Plaintiff also argues that Garnishee has waived work product protection for its

bad faith research and analysis by utilizing in support of its Motion for Summary Judgment correspondence from its attorneys which contains not only bad faith analysis and research, but also legal opinions about whether or not [Garnishee's] conduct establishes bad faith' and strategies for [Garnishee] to employ regarding bad faith issues in this case.

( Id. ) Garnishee responds that none of the correspondence at issue

consists of any internal analysis or analysis held confidential; rather, they are all letters among counsel in the case. To adopt [Plaintiff's] argument would eliminate the ability of adverse attorneys to in any way discuss the merits of the claim they are litigating: under Kemp's theory, merely stating an analysis or opinion regarding a claim to opposing counsel or exchanging opposing viewpoints concerning the merits would waive the work-product privilege for all analyses and opinions, even those held confidential and not disclosed, such that any discussion of the merits of a case would waive each party's privilege. Obviously, that would be an untenable and unacceptable rule, and it has not support in the law.

(Doc. 75, at 21-22.)

The Court agrees with Garnishee. The Court is aware, as counsel should be, that attorneys representing adverse parties frequently send correspondence to opposing counsel containing analysis of the strength and/or weaknesses of claims and/or defenses in dispute. This is a vital part of the litigation process and can frequently be used to facilitate settlement negotiations. Doing so does not waive attorney-client privilege or work product protection for the underlying legal research and analysis. A finding by the Court consistent with Plaintiff's position would set a dangerous and entirely unproductive precedent. This portion of Plaintiff's motion to compel (Doc. 67) is DENIED.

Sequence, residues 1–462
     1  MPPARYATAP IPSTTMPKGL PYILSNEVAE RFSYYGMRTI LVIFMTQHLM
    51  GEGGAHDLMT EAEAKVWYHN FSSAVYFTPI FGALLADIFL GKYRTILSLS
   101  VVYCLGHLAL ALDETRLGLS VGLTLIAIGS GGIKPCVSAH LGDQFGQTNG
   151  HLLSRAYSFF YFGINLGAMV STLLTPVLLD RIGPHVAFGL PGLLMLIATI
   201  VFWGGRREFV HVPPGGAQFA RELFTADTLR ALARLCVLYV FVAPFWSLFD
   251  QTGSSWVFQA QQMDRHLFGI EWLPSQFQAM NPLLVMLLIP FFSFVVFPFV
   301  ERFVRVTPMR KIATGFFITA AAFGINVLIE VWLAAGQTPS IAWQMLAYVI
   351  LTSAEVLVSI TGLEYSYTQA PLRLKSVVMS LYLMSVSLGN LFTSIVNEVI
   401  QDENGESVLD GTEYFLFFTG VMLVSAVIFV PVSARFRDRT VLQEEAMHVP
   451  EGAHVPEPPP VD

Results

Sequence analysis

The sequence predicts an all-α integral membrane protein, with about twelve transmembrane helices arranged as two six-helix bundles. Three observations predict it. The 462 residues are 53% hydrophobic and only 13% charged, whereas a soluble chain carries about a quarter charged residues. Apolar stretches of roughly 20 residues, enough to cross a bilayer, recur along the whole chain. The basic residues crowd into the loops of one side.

10. Garnishee's allegedly improper responses to Requests for Admission.

Plaintiff next complains of Garnishee's "inability to admit or deny many Requests for Admission after allegedly conducting a reasonable inquiry' (with no mention of what steps were taken to attempt to obtain information)." (Doc. 69, at 17.) Plaintiff has, however, failed to indicate which of Garnishee's responses are improper in this regard. Plaintiff's motion, which contains over 850 pages of analysis and discussion of Garnishee's responses, has been stricken, supra. Further, even assuming the motion had not been stricken, the Court will not review the hundreds of Requests for Admissions submitted by Plaintiff in an attempt to determine which of Garnishee's responses Plaintiff may find objectionable in this regard. Lynn, 2014 WL 129340, at *2.

Plaintiff also complains about Garnishee "repeatedly object[ing] and refus[ing] to fully answer Plaintiff's Requests for Admission on the grounds that the Requests assume[] as true purported facts that have not been admitted or otherwise established...'" (Doc. 69, at 18.) Plaintiff's brief, however, discusses only Request for Admission No. 83. ( Id. )